Tuesday’s answers

February 23, 2010

Monday’s questions were:

1. Who is the patron saint of tax collectors?

2. What is a mast year?

3. Who wrote, ‘Beauty is truth, truth beauty,’ – that is all/ Ye know on earth, and all ye need to know and in which poem?

4.  What is a windrow?

5. Who said/wrote A woman, especially if she has the misfortune of knowing anything, should conceal it as well as she can.?

Gravedodger got 3 1/2.

JC got two and a bonus for teaching me something else about windrowing.

Andrie got a clean sweep if I accept to rather than on a Grecian Urn and I do. 

Cadwallader doesn’t get the five s/he requested but does get a couple of bonuses for wit.

David got three right and a sympathy bonus for the hay fever story.

Paul got two right – as in his answers matched mine. His answer to 4 didn’t match mine but justifies a point and he can have a bonus for wit/satire and/or desperation for his answers to 2 & 5.

Bearhunter got a clean sweep with a bonus for being word perfect with on the urn (which I wouldn’t have picked up if s/he hadn’t pointed it out).

Rob got 3 1/2

Rayinz got 5 (I let him get away with to  rather than on  too).

PDM gets one and a long-distance bonus since he’s answering from Britain.

Tuesday’s answers follow the break: Read the rest of this entry »


Russian Jack

August 9, 2008

Friday’s poem, On the Swag, brought a comment from JC which I think deserves a post:

During the 50s and very early 60s, My parents and I were often on the road from Hawkes Bay to Wairarapa and Wellington going to all the A&P shows with my ponies and horses. We often saw Russian Jack on the road, said to be the last of the swaggers.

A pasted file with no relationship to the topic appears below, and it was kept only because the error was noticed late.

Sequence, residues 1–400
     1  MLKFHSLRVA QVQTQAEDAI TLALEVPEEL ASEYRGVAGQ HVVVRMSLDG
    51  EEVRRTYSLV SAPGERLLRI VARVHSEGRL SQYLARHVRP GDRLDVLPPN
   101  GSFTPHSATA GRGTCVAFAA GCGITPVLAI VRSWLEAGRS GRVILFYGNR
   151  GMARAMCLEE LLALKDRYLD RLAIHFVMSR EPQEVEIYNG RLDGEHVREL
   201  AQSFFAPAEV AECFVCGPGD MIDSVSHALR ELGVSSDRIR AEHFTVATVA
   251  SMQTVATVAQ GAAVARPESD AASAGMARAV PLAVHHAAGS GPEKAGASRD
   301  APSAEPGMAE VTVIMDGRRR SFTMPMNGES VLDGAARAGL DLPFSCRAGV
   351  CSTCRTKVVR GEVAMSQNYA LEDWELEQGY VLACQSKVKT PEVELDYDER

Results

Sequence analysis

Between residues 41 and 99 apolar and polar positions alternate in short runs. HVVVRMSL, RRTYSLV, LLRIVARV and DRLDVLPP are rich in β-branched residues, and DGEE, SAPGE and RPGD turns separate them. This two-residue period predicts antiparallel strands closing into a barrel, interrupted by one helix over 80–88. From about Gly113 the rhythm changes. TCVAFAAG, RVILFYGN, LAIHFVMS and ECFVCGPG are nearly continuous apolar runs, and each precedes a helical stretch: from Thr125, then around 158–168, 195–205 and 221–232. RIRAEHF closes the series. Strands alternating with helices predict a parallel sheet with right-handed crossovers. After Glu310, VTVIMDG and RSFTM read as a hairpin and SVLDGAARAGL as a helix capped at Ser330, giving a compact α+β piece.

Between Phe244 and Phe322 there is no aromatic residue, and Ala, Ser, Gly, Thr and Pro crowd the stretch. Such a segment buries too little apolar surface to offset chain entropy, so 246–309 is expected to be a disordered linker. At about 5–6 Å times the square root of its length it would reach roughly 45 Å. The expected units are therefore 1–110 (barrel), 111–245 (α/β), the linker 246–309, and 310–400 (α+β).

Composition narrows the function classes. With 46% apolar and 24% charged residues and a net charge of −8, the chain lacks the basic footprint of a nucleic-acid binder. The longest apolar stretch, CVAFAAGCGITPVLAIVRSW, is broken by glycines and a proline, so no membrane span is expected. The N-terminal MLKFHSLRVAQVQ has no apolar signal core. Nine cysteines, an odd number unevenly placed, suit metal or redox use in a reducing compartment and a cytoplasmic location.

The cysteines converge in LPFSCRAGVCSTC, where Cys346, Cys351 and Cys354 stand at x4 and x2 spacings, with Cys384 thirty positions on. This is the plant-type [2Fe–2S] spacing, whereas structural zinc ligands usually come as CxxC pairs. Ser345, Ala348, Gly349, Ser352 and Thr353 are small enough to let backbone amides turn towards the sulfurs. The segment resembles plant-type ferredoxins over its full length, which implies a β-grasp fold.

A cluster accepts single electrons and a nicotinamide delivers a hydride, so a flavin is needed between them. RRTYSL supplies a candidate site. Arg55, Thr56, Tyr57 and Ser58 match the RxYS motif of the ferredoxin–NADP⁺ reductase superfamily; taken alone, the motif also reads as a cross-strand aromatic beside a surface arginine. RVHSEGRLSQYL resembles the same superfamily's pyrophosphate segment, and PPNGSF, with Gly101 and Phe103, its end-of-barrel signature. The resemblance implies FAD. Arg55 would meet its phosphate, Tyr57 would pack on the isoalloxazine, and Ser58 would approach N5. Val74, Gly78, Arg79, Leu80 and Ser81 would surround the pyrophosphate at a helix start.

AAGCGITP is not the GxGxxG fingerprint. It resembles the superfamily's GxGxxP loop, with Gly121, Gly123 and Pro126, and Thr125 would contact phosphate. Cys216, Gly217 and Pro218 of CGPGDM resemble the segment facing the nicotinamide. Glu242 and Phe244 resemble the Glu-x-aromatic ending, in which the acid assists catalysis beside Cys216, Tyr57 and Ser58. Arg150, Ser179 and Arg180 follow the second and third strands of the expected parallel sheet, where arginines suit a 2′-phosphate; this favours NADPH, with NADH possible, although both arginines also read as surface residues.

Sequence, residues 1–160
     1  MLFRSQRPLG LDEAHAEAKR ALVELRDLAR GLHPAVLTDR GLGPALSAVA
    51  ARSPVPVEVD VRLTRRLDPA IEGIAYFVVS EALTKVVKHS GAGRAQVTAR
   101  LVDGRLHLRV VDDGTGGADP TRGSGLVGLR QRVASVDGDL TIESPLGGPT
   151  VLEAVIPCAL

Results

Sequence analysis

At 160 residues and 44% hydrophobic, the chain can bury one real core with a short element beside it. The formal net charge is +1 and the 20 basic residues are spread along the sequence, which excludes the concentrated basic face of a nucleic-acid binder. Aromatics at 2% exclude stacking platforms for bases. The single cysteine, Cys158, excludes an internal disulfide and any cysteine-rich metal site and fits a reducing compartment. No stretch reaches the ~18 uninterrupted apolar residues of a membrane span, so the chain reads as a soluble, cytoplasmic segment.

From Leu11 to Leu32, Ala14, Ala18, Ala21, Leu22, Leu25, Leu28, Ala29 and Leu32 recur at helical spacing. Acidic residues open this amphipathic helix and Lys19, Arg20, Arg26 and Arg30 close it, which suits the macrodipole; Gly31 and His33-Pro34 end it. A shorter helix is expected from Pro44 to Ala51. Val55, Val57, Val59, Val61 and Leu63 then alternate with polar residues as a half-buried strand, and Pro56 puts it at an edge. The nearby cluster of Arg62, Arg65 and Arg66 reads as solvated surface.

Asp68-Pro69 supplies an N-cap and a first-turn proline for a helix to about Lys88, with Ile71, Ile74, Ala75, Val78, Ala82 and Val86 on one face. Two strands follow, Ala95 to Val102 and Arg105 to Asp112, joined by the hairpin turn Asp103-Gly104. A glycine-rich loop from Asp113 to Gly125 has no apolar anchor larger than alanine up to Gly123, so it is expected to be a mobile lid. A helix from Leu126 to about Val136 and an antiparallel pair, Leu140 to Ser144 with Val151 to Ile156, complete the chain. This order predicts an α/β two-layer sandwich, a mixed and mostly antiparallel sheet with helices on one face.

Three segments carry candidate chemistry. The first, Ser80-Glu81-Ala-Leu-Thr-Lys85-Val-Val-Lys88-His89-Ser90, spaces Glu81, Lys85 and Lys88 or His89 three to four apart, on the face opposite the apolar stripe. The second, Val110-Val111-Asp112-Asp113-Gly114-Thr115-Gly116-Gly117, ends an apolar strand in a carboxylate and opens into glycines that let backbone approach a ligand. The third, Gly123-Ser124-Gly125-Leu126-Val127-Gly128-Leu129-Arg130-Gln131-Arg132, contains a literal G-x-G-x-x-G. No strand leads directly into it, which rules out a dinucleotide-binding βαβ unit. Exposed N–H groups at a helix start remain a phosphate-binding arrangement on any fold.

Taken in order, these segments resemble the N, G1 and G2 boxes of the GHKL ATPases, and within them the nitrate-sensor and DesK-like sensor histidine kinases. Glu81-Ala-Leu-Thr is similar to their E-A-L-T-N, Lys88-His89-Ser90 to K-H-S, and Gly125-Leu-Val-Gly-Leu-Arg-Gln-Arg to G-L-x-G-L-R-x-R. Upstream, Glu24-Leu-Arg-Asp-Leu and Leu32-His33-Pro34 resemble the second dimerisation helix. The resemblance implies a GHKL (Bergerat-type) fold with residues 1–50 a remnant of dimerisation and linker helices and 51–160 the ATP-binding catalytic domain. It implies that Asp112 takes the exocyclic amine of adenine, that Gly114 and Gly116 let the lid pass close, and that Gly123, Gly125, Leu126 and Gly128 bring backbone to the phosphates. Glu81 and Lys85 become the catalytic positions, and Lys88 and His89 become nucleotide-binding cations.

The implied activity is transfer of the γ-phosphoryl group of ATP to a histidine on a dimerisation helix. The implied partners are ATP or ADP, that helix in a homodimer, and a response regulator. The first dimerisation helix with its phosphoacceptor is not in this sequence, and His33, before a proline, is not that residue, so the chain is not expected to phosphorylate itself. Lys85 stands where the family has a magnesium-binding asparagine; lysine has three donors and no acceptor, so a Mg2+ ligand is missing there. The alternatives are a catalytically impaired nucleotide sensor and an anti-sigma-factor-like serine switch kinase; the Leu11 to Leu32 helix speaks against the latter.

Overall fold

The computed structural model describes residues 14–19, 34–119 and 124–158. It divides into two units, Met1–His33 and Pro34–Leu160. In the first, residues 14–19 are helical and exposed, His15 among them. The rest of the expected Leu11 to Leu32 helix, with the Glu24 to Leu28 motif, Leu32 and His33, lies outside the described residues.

I remember being quite surprised at how my perception of what a swagger looked like compared to the reality. I could see very little romance in a life that required such an enormous amount of tackle that RJ carried about with him. There’s a picture of him here:

http://folksong.org.nz/russian_jack/56.html

Later, when I joined the Forest Service in 1963, I saw many older men arrive in camp who had something of the same stamp.. men, some of whom would arrive in an old pin striped suit to slash scrub and plant trees. They were good to us young guys and had many homilies to pass on.. until the weekend, and then you saw the reason.. they were monstrous alcoholics who started on Friday and then drank steadily in their huts all weekend. They sometimes became incontinent and were not pleasant to be around.

In a life of working the back country of the North Island, I’ve met many men and the odd woman with the stamp of the swagger/hermit.. people who preferred their own company who were allowed to settle somewhere, even in an old car body, and did enough local work for their beer and baccy. I suppose the most astonishing thing about them is how they were often good company, even if only for a little while.

I’ve never met a swagger, but JC’s story reminds me of Tom the fencer who came to work on Great Mercury Island when I lived there. He’d had an ininerant life, and had worked on many of the bigger farms around the North Island. He was a wonderful story teller and could yarn for hours so was good company if you didn’t mind his casual attitude to personal hygiene – although we know he washed his socks in the weeks he spent on the island because we saw him throw them over the verandah rails when it rained.


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